The Malala Fund Names New Chief Executive Officer

Malala Fund pic
Malala Fund
Image: malala.org

A graduate of Columbia University’s MBA program, Joann Baney later returned to the institution, where she currently serves as an associate professor in the Executive Master of Public Administration program for the School of International and Public Affairs. Outside of her teaching role, Joann Baney supports several children’s charities, including the Malala Fund.

Established in September 2014, the Malala Fund aims to provide children with access to free and high-quality primary and secondary education opportunities by the year 2030. The Malala Fund’s goal is based on Nobel Peace Prize laureate Malala Yousafzai’s vision of providing 12 years of education to children, particularly girls. Since it began, the organization has provided over $8.6 million for girls’ education programs in areas including India, Kenya, Pakistan, and Afghanistan, among others.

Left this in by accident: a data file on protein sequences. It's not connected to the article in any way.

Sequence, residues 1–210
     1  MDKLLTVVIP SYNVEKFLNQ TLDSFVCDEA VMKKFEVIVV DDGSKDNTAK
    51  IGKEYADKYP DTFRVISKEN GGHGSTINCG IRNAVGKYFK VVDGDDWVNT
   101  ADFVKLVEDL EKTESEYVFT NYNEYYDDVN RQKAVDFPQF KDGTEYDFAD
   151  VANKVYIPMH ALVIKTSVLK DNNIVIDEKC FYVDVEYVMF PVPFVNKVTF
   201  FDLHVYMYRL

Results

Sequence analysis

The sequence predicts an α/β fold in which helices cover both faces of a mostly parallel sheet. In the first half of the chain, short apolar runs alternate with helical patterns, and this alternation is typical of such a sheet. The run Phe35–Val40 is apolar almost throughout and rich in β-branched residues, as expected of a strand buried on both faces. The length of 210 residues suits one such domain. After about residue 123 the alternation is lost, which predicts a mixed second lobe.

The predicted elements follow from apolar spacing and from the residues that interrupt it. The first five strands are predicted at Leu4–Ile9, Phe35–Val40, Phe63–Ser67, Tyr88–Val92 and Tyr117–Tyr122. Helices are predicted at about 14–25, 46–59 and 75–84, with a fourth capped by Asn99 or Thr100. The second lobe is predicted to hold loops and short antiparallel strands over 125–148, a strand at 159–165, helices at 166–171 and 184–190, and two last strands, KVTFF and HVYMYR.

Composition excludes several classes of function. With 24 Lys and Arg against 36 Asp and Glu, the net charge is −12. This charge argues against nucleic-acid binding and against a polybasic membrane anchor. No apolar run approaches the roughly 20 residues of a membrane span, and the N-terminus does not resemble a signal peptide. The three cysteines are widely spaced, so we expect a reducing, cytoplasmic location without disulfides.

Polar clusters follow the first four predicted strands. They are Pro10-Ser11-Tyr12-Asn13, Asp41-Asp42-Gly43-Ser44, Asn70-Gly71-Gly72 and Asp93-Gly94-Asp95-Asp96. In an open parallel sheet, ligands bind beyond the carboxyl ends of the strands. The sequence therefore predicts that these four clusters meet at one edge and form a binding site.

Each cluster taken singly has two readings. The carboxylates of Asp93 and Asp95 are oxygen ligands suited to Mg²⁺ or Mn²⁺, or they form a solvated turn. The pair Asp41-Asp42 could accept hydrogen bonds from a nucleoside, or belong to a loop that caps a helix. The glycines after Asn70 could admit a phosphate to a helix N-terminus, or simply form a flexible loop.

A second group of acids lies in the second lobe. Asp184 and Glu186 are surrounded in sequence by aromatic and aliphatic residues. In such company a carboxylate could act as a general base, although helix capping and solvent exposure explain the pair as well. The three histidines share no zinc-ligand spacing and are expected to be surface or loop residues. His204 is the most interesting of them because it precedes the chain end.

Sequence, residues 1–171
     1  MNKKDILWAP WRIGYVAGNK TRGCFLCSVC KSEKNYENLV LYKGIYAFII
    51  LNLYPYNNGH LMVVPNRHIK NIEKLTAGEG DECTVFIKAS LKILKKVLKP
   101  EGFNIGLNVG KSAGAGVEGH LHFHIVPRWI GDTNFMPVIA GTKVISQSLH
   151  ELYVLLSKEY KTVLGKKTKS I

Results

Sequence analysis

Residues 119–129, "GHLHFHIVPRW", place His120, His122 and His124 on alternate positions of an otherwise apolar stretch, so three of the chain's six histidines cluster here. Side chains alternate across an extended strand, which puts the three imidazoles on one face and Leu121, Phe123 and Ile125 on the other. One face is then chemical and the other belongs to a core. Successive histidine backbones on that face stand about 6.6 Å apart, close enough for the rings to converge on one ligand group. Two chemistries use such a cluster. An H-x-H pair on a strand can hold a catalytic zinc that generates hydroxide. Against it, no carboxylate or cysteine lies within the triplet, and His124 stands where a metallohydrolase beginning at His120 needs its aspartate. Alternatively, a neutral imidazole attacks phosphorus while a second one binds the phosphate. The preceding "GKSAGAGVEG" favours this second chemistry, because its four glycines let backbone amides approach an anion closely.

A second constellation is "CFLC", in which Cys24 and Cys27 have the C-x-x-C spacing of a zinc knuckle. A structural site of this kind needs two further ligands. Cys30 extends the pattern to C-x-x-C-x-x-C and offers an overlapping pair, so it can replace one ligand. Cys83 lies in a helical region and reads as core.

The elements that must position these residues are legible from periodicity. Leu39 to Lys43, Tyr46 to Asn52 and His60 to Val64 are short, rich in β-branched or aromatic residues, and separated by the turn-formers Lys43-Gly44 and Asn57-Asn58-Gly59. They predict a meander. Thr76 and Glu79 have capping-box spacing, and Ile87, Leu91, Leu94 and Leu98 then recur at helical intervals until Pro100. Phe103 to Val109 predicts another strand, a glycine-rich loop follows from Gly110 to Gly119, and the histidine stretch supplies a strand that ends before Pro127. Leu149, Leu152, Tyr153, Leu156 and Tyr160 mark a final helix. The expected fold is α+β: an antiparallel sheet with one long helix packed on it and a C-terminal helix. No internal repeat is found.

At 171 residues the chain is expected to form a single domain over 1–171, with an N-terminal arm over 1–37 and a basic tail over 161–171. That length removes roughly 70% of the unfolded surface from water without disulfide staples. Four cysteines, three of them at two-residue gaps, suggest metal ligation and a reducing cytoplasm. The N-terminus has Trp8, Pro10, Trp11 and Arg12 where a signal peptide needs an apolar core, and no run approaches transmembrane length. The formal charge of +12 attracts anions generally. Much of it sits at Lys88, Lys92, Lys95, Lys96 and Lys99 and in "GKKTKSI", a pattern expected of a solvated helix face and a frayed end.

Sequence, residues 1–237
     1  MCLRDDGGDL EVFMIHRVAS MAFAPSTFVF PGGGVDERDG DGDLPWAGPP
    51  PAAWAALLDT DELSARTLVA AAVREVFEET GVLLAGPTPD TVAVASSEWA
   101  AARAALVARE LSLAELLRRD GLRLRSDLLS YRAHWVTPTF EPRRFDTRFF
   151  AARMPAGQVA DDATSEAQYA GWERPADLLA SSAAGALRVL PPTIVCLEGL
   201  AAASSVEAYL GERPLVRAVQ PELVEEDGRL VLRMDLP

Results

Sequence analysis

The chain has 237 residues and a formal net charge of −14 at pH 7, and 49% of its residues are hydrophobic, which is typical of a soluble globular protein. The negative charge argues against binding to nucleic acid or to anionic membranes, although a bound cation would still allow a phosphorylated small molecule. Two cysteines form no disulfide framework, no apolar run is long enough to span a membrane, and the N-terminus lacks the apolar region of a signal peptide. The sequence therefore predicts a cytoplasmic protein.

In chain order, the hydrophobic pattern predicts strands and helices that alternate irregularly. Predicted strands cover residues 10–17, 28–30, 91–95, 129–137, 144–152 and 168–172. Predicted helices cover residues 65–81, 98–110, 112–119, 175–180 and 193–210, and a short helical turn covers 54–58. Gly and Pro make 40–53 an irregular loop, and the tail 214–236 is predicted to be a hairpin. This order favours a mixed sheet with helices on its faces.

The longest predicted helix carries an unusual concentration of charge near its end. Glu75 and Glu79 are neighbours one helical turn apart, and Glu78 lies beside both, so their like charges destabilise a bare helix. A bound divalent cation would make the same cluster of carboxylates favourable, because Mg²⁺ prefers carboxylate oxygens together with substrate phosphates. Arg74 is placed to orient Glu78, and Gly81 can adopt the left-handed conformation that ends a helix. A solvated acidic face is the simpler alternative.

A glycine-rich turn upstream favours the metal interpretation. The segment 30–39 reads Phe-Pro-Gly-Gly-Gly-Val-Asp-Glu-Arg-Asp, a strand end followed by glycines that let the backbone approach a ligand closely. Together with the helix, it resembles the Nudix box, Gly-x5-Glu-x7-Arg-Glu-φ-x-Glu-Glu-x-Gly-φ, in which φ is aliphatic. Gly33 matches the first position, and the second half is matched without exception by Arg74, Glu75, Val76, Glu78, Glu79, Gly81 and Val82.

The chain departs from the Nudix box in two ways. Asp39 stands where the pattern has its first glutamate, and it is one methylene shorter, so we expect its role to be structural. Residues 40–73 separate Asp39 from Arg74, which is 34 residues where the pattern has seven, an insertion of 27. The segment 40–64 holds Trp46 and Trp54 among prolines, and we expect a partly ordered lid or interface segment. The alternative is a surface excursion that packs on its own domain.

In February 2017, the Malala Fund announced the appointment of a new chief executive officer, Farah Mohamed. She is the founder and CEO of G(irls) 20, an organization dedicated to furthering girls’ education and the participation of females in the labor force. Before starting the organization, Farah Mohamed held leadership positions at VON Canada and The Belinda Stronach Foundation.

Steelers’ Best Decade – The 1970s

Steelers pic
Steelers
Image: Steelers.com

A faculty member at Columbia Business School and the Columbia School of International and Public Affairs, Joann Baney supports the Pittsburgh Steelers. Steelers fans like Joann Baney have been rewarded for their loyalty with six Super Bowl victories.

Most of these victories came during the 1970s, which proved to be the strongest decade in the history of the franchise, and one of the strongest of any team in the history of the NFL. The Steelers’ luck changed when they were able to draft future hall of fame member Terry Bradshaw, moved to the AFC Central, and changed stadiums. These alterations led to a division title in 1972, after 40 years of drought.

After that, the hits kept coming. The team defeated the Minnesota Vikings in the 1974 Super Bowl, then beat the Dallas Cowboys in the following year’s Super Bowl, and became the third team to come out on top two seasons in a row. The two seasons after this were comparatively weak, but were followed in turn by two more Super Bowl victories, including one over the Los Angeles Rams and one over, yet again, the Dallas Cowboys. These strong performances earned the Steelers the designation of Team of the Decade in the 1970s.